Project 88 presents artworks that invite reconsiderations of our sensorial and perceptual frameworks through closer examinations of seemingly mundane details, discrepancies, and realities within our daily lives. These enable us to intimately understand, and even reorient our relationships to the interior as well as terrestrial worlds that we inhabit.
Neha Choksi’s paintings on glass capture a dense foliage. Leaning against the wall, they reflect her explorations of “barriers and access and portals and communication,” engaging literally with gestures of ‘reaching’ or ‘depending,’ as their titles suggest.
In Anupam Roy’s works, senses of self-reflection and political consciousness that investigate biopolitical synergies are fused to propose counter-narratives that undermine hegemonic structures governing existing landscapes.
Amitesh Shrivastava’s oil paintings, Right Light and Tasty Land employ dynamic strokes of colour, balancing light and temperature, to collapse demarcations between figures and backgrounds. These direct attention towards sensory experiences and emotional connections that we can forge with our own surroundings.
Mahesh Baliga’s paintings expose seemingly minor dissonances within regular days to expose larger themes of choice, finality, the cleansing of landscapes of dejection, as well as the loss of natural homes. They demand acute engagements with what seems familiar, compelling us to reexamine our daily lives with scrutiny.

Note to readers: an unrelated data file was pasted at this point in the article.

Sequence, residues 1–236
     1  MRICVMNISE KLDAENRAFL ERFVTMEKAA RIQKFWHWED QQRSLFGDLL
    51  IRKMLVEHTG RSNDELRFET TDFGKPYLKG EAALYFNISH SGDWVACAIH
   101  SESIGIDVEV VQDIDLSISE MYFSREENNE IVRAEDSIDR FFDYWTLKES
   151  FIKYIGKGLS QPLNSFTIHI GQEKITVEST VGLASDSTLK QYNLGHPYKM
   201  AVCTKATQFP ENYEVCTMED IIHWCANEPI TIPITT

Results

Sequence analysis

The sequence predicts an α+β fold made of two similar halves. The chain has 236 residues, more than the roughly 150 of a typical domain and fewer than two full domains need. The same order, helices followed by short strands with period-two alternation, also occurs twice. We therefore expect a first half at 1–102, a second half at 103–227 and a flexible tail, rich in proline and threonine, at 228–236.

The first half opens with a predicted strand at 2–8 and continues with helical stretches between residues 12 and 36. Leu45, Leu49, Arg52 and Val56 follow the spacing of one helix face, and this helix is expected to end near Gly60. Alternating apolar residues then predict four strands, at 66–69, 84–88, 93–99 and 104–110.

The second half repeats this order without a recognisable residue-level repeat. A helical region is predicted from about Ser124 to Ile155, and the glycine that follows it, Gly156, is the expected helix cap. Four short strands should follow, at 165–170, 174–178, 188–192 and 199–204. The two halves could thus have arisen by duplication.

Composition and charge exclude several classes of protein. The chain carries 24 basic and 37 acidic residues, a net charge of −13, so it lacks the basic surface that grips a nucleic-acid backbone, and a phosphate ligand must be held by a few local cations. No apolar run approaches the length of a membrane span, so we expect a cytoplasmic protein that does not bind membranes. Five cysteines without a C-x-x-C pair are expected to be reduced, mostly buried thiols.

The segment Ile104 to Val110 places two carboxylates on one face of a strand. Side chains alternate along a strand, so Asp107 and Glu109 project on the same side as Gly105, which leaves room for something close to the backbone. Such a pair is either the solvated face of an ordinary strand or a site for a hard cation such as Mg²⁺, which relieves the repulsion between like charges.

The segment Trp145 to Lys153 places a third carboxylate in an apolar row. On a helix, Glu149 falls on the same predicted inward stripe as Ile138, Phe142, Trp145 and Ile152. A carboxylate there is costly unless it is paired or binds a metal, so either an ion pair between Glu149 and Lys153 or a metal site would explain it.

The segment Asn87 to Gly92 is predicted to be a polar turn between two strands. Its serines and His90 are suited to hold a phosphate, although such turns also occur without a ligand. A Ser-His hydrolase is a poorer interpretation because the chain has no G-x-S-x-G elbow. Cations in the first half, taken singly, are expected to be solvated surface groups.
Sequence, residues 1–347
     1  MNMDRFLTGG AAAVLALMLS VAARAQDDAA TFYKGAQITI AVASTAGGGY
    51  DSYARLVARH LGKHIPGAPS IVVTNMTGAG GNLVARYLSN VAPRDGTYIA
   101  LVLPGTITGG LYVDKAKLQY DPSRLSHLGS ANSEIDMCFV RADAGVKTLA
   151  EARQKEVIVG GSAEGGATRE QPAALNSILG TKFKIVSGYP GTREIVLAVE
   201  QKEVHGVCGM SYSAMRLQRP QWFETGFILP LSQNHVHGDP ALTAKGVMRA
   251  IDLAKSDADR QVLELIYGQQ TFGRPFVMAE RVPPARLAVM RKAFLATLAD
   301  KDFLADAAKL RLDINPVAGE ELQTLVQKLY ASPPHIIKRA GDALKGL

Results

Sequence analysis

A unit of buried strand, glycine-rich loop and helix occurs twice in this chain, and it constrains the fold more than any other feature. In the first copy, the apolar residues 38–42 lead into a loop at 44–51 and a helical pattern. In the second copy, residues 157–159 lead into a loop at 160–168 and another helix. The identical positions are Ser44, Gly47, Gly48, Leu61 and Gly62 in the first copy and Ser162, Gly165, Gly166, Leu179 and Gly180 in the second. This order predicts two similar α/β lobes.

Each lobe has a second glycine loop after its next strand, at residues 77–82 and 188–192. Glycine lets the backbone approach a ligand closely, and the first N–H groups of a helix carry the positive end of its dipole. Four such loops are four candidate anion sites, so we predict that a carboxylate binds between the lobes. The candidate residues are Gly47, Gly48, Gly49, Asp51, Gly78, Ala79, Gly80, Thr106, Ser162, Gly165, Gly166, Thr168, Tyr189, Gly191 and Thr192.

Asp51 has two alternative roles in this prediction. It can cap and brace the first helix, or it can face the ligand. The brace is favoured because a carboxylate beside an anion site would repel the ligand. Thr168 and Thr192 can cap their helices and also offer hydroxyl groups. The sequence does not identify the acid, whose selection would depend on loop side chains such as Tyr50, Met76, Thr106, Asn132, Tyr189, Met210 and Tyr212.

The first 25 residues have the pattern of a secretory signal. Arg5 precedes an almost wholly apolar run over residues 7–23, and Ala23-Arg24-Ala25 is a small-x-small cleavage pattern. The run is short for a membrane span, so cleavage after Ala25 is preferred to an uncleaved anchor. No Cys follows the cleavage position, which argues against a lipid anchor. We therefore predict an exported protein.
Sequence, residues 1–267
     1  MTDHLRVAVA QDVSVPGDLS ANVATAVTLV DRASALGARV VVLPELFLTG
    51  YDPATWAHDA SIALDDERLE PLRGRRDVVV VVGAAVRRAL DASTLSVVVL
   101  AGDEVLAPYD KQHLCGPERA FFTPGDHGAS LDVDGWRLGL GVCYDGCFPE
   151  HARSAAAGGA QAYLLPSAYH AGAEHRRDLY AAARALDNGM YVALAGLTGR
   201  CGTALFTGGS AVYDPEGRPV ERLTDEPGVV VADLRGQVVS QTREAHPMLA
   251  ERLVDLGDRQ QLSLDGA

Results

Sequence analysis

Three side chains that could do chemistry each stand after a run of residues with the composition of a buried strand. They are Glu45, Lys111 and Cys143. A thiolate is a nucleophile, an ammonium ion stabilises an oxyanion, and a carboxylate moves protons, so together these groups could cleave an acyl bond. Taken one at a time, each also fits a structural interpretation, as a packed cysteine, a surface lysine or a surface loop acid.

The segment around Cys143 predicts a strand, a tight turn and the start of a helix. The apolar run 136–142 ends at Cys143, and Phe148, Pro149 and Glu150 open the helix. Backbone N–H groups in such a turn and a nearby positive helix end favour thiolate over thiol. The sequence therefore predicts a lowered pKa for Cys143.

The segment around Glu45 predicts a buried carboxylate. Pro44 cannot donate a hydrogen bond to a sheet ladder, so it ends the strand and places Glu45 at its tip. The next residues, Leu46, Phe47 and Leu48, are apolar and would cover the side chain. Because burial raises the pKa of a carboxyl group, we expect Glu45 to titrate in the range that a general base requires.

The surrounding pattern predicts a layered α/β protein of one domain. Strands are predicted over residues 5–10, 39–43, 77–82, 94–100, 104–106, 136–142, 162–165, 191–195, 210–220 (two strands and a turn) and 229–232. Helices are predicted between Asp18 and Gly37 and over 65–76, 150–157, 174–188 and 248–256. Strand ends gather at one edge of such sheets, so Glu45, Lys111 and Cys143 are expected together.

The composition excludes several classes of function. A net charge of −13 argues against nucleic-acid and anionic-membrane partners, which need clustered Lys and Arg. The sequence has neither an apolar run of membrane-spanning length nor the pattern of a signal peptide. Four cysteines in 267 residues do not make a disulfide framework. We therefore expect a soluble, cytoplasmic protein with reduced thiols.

Tom Vattakuzhy’s meditative oil paintings feature subdued colours and evocative juxtapositions of light and shadow, combining observed realities with representations of the interior lives of “the silenced, the marginalized and the alienated.” His poignant depictions evoke themes of isolation through gesture and posture.
Hemali Bhuta’s She tore the fold and Fold and Leak emphasise processes of disintegration, mending and healing by working closely with the folds of stored packaging paper, stained and blotted with oil. The works showcase how simple interventions with domestic objects can open up deliberations on concepts of temporality, unity with surroundings, form and materiality.
Amol Patil’s kinetic installations conceptually interpret motions that frame the lives of labourers at industrial sites – from insects whirring around stagnant water, to the bubbling of water that softens the ground on construction sites, to the land breathing as it soaks in this water. The works emphasise these somewhat rhythmic movements, to shed light on the conditions that workers endure.